subgroupvariable
 subgroup number of nonconformities per unit variable
for each process
 subgroup sample size variable (number of units per subgroup)
for each process
The names of the subgroup number of
nonconformities per unit and subgroup sample size variables
must be the process name concatenated with the
special suffix characters U and N, respectively.
For example, consider the following statements:
proc shewhart history=summary;
cchart (flaws ndefects)*lot;
run;
The data set SUMMARY must include the variables LOT, FLAWSU,
FLAWSN, NDEFCTSU, and NDEFCTSN.
Note that if you specify a process name that contains eight
characters, the names of the summary variables must
be formed from the first four
characters and the last three characters of the process
name, suffixed with the appropriate character.
Other variables that can be read from a HISTORY= data set include
 _PHASE_ (if the READPHASES= option is specified)
 blockvariables
 symbolvariable
 BY variables
 ID variables
By default, the SHEWHART procedure reads all
the observations in a HISTORY= data set.
However, if the data set includes the
variable _PHASE_, you can read selected groups of observations
(referred to as phases) with the READPHASES= option
(see "Displaying Stratification in Phases"
for an example).
For an example of a HISTORY= data set,
see "Creating c Charts from Nonconformities per Unit" .
You can read summary statistics and control limits from
a TABLE= data set specified in the PROC SHEWHART statement.
This enables you to reuse an OUTTABLE= data set created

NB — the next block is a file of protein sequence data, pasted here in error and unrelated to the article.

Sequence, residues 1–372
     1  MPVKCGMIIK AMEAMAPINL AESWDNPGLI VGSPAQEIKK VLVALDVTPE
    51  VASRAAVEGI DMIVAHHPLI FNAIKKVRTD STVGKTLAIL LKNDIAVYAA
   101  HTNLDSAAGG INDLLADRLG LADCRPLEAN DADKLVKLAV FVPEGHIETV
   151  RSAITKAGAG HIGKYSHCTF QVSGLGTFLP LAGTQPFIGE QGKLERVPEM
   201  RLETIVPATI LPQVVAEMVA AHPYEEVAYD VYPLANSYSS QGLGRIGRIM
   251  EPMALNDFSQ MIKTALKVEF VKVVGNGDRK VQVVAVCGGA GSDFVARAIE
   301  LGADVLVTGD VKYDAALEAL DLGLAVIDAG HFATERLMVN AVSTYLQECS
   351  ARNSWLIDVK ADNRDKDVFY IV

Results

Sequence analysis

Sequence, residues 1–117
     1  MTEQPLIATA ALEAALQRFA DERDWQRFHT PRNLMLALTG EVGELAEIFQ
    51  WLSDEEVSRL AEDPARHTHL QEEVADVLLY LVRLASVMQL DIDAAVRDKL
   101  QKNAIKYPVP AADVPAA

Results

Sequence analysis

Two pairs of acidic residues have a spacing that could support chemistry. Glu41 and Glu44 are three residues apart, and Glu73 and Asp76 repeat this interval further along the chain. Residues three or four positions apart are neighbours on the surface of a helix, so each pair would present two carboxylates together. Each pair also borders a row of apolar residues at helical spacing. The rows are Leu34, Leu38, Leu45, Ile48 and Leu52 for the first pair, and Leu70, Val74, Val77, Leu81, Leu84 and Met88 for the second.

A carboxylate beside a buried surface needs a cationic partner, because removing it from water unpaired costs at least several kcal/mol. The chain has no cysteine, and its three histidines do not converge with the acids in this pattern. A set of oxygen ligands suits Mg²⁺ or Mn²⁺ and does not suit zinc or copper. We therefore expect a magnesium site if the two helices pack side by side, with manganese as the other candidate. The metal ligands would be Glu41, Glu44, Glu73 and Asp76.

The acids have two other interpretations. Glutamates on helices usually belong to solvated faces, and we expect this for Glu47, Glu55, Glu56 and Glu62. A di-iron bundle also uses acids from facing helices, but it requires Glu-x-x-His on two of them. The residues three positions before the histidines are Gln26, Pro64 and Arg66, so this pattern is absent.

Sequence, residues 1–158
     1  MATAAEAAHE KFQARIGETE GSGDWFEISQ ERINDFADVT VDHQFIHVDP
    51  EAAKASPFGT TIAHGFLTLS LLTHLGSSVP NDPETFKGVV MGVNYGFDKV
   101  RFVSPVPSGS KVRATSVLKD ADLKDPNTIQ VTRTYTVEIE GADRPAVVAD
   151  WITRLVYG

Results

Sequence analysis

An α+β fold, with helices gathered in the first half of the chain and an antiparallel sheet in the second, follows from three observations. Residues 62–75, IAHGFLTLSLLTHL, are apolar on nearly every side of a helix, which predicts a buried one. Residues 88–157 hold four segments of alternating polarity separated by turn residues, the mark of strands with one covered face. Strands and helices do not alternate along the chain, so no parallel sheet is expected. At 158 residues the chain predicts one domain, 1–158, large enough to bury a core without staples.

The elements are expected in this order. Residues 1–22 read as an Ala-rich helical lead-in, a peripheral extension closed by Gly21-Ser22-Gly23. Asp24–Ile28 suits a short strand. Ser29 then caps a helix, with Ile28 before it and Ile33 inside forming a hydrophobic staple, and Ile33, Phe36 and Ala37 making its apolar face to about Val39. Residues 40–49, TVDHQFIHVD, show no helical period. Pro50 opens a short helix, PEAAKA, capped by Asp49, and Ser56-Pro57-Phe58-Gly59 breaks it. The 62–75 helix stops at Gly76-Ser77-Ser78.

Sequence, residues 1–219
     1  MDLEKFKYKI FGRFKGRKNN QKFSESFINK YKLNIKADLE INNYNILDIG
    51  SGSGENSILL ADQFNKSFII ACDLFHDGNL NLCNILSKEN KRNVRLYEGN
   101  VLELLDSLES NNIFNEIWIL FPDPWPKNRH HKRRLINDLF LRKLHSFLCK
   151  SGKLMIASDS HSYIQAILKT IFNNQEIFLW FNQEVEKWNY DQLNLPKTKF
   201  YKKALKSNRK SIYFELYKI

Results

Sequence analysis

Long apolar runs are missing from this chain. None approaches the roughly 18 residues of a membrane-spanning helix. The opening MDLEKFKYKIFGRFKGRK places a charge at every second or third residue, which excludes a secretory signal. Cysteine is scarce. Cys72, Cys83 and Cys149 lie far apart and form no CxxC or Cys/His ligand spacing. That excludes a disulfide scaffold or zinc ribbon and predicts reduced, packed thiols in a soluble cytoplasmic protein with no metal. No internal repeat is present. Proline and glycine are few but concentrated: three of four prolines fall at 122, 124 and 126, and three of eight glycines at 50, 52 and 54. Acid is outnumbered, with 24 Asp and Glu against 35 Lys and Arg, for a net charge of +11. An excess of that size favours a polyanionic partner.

in a previous run of the SHEWHART procedure or to
create your own TABLE= data set.
Because the SHEWHART procedure
simply displays the information in a TABLE= data set, you can
use TABLE= data sets to create specialized control charts.
Examples are provided in Chapter 49, "Specialized Control Charts."
The following table lists the variables required in a TABLE= data set
used with the CCHART statement:
Table 33.23: Variables Required in a TABLE= Data Set
Variable

Description

_C_  average number of nonconformities 
_LCLC_  lower control limit for nonconformities 
_LIMITN_  nominal sample size associated with the control limits 
subgroupvariable  values of the subgroupvariable 
_SUBC_  subgroup number of nonconformities 
_SUBN_  subgroup sample size 
_UCLC_  upper control limit for nonconformities 
Other variables that can be read from a TABLE= data set include
 blockvariables
 symbolvariable
 BY variables
 ID variables
 _PHASE_ (if the READPHASES= option is specified).
This variable must be a character variable of length 16.
 _TESTS_ (if the TESTS= option is specified). This variable
is used to flag tests for special causes and must be
a character variable of length 8.
 _VAR_. This variable is
required if more than one process is specified
or if the data set contains information for more
than one process. This variable must be a character
variable of length 8.
For an example of a TABLE= data set,
see "Saving Control Limits" .
Copyright © 1999 by SAS Institute Inc., Cary, NC, USA. All rights reserved.